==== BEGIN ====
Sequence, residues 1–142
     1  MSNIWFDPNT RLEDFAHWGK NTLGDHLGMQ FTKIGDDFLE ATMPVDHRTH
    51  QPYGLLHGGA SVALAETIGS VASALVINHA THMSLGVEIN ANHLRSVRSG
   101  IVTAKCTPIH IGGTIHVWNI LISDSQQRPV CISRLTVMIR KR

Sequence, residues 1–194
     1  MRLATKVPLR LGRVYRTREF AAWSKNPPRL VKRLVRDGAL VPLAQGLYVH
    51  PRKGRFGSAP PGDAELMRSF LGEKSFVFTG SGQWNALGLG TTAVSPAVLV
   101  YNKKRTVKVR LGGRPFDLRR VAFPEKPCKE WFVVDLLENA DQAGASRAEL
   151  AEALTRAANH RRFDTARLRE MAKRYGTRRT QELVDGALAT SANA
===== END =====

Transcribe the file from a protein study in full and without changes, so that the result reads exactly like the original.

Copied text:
Sequence, residues 1–142
     1  MSNIWFDPNT RLEDFAHWGK NTLGDHLGMQ FTKIGDDFLE ATMPVDHRTH
    51  QPYGLLHGGA SVALAETIGS VASALVINHA THMSLGVEIN ANHLRSVRSG
   101  IVTAKCTPIH IGGTIHVWNI LISDSQQRPV CISRLTVMIR KR

Sequence, residues 1–194
     1  MRLATKVPLR LGRVYRTREF AAWSKNPPRL VKRLVRDGAL VPLAQGLYVH
    51  PRKGRFGSAP PGDAELMRSF LGEKSFVFTG SGQWNALGLG TTAVSPAVLV
   101  YNKKRTVKVR LGGRPFDLRR VAFPEKPCKE WFVVDLLENA DQAGASRAEL
   151  AEALTRAANH RRFDTARLRE MAKRYGTRRT QELVDGALAT SANA